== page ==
No one pointed out at the time that the basis of Marx’s theory of surplus value is the assumption that transaction cost is zero. Marx insists that when capital employs labor in the “realm of circulation,” both sides follow a principle of exchange on the basis of equivalence in value. At this stage, all commodities including labor have a price that is equivalent of their value, so there is no exploitation of capital toward labor. The trick happens afterwards: when capitalists take the workers into the factory, they can organize, control, and force workers to produce products whose value is higher than the price of labor. Then owners of the factories take these commodities back to the realm of circulation and realize their surplus value through another round of exchange based on equivalence of value.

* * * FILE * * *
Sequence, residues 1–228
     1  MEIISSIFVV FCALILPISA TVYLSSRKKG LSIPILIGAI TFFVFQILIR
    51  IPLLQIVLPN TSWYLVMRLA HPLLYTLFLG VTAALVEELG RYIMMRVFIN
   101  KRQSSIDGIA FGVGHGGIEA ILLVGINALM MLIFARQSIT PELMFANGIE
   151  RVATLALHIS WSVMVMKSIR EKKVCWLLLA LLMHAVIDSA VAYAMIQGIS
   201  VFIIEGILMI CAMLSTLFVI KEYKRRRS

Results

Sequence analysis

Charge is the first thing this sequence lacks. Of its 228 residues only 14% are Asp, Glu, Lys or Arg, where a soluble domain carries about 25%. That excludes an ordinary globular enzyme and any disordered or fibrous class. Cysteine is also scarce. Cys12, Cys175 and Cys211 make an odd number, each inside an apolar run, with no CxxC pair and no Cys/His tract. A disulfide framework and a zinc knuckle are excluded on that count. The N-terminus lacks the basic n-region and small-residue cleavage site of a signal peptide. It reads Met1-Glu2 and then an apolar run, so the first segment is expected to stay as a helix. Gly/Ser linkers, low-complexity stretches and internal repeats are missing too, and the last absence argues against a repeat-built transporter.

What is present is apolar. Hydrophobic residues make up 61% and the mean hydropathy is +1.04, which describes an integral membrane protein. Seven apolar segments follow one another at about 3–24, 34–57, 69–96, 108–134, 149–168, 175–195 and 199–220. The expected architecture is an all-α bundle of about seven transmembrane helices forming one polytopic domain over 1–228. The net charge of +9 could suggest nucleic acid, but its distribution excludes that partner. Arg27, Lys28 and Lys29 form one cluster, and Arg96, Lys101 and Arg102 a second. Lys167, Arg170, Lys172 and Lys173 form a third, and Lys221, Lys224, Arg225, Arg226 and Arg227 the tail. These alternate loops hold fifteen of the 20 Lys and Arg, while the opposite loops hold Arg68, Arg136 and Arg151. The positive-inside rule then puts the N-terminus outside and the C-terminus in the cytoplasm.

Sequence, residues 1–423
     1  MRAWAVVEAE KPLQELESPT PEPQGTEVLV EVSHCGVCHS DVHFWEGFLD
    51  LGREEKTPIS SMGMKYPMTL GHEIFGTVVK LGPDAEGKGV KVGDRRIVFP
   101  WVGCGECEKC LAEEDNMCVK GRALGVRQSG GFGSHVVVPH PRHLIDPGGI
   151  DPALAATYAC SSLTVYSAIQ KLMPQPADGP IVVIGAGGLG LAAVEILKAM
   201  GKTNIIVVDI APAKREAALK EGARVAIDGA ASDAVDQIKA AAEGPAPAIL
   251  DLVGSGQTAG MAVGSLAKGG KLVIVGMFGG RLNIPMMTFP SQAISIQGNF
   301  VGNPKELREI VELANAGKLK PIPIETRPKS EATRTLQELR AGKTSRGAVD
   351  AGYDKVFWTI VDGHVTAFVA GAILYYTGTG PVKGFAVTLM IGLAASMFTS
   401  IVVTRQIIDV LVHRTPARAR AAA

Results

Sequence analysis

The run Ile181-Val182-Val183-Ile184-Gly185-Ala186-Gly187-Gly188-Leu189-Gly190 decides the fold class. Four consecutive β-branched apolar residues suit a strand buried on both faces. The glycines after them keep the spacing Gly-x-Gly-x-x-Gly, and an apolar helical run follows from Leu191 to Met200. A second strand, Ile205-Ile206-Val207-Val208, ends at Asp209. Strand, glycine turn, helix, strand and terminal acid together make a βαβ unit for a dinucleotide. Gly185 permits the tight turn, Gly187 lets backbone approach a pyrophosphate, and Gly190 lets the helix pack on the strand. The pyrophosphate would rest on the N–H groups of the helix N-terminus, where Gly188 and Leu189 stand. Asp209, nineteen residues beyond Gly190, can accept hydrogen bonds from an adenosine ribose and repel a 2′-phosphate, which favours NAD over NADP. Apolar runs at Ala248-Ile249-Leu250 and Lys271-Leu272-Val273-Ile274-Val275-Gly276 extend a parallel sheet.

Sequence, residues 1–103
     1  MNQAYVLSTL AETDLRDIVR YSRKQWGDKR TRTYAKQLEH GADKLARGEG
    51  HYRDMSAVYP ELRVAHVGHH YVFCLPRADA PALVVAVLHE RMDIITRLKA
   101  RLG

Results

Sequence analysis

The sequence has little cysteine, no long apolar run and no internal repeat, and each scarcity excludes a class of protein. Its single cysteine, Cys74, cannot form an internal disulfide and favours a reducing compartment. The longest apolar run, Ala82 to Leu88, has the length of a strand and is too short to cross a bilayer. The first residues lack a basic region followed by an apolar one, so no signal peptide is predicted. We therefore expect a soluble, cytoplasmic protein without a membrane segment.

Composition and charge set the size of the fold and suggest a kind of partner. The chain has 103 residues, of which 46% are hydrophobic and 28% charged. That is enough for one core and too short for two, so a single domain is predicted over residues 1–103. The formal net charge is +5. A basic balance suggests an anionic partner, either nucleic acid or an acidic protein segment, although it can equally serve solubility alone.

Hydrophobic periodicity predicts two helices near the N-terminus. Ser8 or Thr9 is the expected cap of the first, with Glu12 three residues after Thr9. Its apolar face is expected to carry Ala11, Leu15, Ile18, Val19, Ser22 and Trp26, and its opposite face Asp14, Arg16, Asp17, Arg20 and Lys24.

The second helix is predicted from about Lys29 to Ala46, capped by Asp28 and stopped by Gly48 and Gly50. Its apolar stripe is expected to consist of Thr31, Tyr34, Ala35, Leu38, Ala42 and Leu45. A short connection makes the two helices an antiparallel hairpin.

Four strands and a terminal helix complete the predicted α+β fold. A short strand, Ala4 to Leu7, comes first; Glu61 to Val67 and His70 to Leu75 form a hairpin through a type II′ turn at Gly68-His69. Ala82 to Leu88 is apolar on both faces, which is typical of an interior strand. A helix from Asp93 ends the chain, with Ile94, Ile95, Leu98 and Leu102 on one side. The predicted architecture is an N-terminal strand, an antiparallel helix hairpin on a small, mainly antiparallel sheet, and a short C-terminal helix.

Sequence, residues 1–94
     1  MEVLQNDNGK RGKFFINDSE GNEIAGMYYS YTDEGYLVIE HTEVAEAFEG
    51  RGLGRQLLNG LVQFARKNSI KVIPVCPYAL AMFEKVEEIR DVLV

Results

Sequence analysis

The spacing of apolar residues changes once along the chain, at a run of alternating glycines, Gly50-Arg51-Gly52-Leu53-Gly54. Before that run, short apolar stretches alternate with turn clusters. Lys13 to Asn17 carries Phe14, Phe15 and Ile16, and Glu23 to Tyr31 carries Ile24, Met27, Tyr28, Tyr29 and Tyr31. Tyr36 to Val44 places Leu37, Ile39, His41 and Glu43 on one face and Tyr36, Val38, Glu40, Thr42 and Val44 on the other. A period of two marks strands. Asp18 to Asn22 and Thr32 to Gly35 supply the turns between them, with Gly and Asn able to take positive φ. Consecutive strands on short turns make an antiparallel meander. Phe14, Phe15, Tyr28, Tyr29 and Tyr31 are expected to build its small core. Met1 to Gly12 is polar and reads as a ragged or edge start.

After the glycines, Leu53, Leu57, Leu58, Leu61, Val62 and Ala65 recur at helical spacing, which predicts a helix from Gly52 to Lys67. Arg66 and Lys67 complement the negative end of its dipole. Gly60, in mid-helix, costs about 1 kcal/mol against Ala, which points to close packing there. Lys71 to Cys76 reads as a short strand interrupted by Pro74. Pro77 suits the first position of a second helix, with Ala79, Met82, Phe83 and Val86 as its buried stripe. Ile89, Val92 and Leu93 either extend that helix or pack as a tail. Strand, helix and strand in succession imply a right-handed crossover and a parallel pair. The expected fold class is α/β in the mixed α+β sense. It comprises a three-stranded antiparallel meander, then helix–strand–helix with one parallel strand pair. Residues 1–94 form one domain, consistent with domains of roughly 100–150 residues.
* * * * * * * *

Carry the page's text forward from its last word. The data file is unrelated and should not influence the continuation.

It is clear that all these analyses do not take into consideration any transaction cost. It seems as though capitalists find out who their customers are and what their needs are quite effortlessly and make decisions about what to produce and how much to produce based on this knowledge. It also seems as though it did not take any efforts for capitalists to discover employable labor and other key ingredients of production and decide at what price and in what matter to hire these labor. It seems as though it did not take any efforts of supervision and management and the product of the team would automatically be worth more than the total sum of the products of individual members of the team. Only when we accept these scenarios can we agree to Marx’s view that surplus value is not only surplus but immoral since it comes from unfair exploitation.